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Sir John Pender (1815-1896), Pioneer of submarine telegraphy

Sitter in 4 portraits
Pender started his career as a textile merchant. He is best remembered for his work on submarine cables, of which he was a promoter. When a transatlantic cable was proposed in 1856, Pender was one of several investors, and by 1866 a cable was successfully laid. Pender turned to cable enterprises linking other parts of the world. In 1870 he hosted a huge reception to celebrate the completion of the Anglo-India cable. The first message to India was 'How are you?' the reply 'All well' took just five minutes to arrive, compared to the several months taken by all previous communication. Pender went on to form the Eastern Telegraph Company, which played an important role in the defence of the United Kingdom.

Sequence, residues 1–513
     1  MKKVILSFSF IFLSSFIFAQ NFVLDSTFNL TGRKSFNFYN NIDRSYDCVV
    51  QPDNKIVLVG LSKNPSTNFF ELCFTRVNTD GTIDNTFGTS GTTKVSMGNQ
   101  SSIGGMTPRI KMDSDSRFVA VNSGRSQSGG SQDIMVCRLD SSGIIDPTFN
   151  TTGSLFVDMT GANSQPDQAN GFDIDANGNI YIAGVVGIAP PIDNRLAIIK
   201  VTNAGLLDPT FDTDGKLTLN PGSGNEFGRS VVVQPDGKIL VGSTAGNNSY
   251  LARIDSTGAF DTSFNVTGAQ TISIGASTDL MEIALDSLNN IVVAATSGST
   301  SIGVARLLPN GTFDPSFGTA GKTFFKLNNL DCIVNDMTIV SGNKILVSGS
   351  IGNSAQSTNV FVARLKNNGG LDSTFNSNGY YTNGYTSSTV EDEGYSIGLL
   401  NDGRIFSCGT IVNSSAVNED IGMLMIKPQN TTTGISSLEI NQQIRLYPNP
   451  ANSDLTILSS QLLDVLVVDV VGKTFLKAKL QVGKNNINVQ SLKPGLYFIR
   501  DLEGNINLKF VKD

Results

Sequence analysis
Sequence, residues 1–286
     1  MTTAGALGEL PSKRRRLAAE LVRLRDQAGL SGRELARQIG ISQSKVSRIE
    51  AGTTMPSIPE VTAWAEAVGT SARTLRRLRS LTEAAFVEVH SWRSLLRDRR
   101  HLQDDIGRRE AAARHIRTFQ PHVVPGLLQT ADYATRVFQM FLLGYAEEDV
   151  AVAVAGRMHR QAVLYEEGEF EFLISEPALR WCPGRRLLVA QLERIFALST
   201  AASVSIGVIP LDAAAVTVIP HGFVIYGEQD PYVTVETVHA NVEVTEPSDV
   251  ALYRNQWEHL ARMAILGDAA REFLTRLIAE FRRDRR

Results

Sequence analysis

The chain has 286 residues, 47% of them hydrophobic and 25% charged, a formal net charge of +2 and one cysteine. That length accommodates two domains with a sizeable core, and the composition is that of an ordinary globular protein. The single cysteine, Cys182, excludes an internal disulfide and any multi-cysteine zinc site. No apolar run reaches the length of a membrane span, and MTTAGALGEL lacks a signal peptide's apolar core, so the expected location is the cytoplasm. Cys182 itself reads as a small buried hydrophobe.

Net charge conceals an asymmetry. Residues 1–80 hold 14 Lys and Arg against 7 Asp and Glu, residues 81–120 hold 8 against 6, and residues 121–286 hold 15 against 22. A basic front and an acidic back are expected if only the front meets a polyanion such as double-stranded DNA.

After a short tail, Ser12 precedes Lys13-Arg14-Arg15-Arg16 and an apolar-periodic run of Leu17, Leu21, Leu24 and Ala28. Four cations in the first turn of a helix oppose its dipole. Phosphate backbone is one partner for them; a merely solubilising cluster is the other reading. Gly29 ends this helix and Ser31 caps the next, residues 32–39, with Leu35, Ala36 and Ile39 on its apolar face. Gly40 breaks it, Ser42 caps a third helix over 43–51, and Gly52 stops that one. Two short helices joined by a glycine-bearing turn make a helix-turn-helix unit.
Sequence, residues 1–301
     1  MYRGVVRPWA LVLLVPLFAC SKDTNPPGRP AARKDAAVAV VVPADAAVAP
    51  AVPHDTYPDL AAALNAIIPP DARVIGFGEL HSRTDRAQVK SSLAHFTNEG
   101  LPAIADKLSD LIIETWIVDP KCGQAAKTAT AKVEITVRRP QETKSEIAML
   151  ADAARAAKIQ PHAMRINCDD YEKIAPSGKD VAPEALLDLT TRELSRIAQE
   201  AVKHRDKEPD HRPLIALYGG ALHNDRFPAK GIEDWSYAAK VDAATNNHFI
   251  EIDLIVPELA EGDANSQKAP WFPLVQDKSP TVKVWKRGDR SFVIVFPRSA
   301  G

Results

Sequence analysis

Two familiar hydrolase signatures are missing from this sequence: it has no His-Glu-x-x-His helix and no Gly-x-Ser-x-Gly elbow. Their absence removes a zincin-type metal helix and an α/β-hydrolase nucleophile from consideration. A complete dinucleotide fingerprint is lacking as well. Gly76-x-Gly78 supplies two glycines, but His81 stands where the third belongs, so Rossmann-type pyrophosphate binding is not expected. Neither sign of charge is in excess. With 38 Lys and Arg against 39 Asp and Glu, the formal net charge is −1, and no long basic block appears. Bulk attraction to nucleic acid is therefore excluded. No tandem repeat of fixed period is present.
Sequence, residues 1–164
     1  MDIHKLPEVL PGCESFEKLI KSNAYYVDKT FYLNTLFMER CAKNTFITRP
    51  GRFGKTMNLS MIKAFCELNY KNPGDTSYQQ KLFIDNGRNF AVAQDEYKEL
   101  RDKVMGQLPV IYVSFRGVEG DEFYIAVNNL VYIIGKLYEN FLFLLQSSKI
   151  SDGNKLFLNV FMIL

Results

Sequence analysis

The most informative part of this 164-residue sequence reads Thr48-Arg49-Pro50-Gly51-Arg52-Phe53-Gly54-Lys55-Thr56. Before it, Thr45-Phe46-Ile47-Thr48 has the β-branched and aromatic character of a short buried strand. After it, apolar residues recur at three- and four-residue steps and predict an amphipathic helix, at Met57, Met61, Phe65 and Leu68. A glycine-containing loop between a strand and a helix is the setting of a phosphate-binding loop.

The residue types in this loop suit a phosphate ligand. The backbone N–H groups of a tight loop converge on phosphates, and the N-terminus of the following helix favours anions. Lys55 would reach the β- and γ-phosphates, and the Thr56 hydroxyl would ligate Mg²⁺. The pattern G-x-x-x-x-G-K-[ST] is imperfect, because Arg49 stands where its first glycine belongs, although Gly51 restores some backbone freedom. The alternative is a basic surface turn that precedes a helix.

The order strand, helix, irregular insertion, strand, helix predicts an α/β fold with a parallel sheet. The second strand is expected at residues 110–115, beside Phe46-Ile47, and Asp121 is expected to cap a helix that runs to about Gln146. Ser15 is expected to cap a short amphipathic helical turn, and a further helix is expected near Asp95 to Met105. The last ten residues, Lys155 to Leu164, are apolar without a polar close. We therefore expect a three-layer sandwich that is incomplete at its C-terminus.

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Sir John Pender

by James Jacques TisJean Baptiste Guth ('GUTH')
watercolour, published in Vanity Fair 28 October 1871
NPG 2738


Sir John Pender ('Men of the Day, No. 35.')

by James Jacques TisJean Baptiste Guth ('GUTH')
chromolithograph, published in Vanity Fair 28 October 1871
NPG D43508


Key to Private View of the Old Masters Exhibition, Royal Academy, 1888

after Henry Jamyn Brooks
photograph, 1919 or after
NPG D42236